Five novellas about our favorite time of the year. Authors are Al Sarrantonio, Gary A. Braunbeck, Rick Hautala, Nancy A. Collins, and Thomas Tessier.
Fun and Games:
Extreme Pumpkins: Diabolical Do-It-Yourself Designs to Amuse Your Friends and Scare Your Neighbors by Tom Nardone, HP Trade, 96 pages
Amazing jack o’ lantern designs that should gross out most of your neighbors. But isn’t that the point?
Extreme Pumpkins II: Take Back Hallowen and Freak Out a Few Neighbors by Tom Nardone, HP Trade, 96 pages
Part deux in the gross pumpkin carving series from Tom Nardone. I really need to try one of these out some Halloween … if I could get past dealing with pumpkin guts.
Extreme Halloween: The Ultimate Guide to Making Halloween Scary Again by Tom Nardone, Perigree Trade, 96 Pages
I love this one!! Nardone is the guy to put the scary back into your home Halloween décor. (Bodies rising from their graves in your front yard, anyone?) ’Bout time we got away from all the silliness and political correctness Halloween has become. Time to return to the simpler days when Halloween was all about scaring the bejesus out of your family, friends, local police, whoever.
Ghoulish Goodies by Sharon Bowers, Storey Publishing, 160 pages
Fun cookbook for your Halloween party. Has everything from your traditional caramel apples to puking pumpkins and bag o’ worms (all edible) to more traditional (pumpkin) spice cakes and (hairy eye) cupcakes. Good and tasty fun.
Halloween: The Best of Martha Stewart Living by Martha Stewart Living Magazine, Clarkson Potter, 144 pages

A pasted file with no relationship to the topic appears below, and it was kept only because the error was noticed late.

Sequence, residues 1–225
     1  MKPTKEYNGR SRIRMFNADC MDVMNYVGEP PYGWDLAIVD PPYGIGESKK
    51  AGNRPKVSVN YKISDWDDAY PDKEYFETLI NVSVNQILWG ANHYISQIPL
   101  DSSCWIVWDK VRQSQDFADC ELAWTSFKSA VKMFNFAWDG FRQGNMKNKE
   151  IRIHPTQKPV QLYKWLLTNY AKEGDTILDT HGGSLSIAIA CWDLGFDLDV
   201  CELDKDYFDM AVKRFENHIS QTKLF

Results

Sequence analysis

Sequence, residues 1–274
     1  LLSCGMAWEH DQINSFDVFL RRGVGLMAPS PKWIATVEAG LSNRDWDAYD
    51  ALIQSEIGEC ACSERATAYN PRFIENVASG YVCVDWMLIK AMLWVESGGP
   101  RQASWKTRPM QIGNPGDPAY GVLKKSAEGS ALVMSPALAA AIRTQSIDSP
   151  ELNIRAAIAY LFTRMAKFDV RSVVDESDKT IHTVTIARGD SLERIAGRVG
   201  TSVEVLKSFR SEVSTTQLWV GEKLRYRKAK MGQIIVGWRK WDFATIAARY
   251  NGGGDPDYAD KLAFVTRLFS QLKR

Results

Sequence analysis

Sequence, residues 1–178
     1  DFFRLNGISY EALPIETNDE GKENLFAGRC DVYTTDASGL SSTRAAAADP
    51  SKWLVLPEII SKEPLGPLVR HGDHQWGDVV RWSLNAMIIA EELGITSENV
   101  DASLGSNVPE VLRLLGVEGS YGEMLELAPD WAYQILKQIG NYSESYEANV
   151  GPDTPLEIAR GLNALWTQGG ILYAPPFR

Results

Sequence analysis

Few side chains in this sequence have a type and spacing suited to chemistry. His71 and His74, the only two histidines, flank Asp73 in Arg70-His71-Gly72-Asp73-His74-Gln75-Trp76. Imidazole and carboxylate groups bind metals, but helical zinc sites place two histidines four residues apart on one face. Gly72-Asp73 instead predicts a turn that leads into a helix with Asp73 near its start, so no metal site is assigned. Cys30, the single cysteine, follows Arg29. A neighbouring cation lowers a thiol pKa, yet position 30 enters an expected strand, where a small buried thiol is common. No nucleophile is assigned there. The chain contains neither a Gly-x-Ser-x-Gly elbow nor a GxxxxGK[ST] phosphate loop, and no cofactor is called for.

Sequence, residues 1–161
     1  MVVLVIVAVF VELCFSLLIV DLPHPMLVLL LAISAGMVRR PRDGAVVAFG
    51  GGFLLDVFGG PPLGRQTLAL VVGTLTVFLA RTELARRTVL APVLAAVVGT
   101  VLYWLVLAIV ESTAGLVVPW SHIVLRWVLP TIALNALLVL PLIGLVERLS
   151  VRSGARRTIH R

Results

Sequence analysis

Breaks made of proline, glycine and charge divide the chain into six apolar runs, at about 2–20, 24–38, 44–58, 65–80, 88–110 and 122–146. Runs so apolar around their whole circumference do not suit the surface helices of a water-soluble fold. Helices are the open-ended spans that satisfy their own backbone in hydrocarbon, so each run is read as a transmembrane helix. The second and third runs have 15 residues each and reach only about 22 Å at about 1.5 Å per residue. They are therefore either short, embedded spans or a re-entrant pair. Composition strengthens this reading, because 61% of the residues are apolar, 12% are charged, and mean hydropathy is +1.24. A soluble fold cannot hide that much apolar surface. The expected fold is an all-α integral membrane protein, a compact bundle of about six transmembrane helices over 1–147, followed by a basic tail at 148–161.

Stop the eye-rolling and sniggering. Martha LOVES Halloween, and this book, as well as her special annual Halloween magazine, are CHOCK full of cool ideas as well as THE neatest Halloween stuff you can order to own (I have 3 spider larva balls and a stuffed vulture – do you?).
The Orangefield Series by Al Sarrantonio – Set in the fictional upstate New York town of Orangefield where Halloween is never what it seems.
Begins with the short novella “Hornets” in Trick or Treat edited by Richard Chizmar (2001)
“Orangefield” (Cemetery Dance -2002)
“Hallow’s Eve” (Leisure Books – 2004)
“The Pumpkin Boy” (Endeavor – 2005)
“Horrorween” – a re-telling of “Hornets”, “The Pumpkin Boy”, and “Orangefield” (Leisure Books – 2006)
“Halloweenland” (Leisure Books – 2007)
The October Country and The Halloween Tree by Ray Bradbury – ‘nuff said.
Not Set on Halloween But Scary as Hell
Let’s Scare Jessica to Death
Burnt Offerings (well, The Chauffeur anyway)
The Descent (it made ME jump!)
Tombs of the Blind Dead and its sequels
Dark Night of the Scarecrow (which is SUPPOSEDLY being released on DVD this year…)
The Woman in Black (hard to find but WELL worth it)
The Ghost and Mr. Chicken (I was traumatized for YEARS!!)
The Other (movie AND book by Thomas Tryon)
Summer of Night by Dan Simmons
Skin Medicine by Tim Curran
The Terror by Dan Simmons
It by Stephen King
Salem’s Lot by Stephen King
A Prayer for the Dying by Stewart O’Nan
Wisconsin Death Trip (not so much scary as just SERIOUSLY weird and disturbing)
The Mammoth Book of Haunted House Stories edited by Peter Haining (There are actually Mammoth Books on nearly every subject as well as an annual Mammoth Book of Best New Horror which is another must-have)
So this Halloween, pull up a comfy chair and fire up the DVD player or a reading light. Enjoy the wind whispering outside the windows, the leaves shuffling, or if you’re near a cornfield, the scatchy sound those leaves make. And whatever you do, DON’T open the door until after midnight!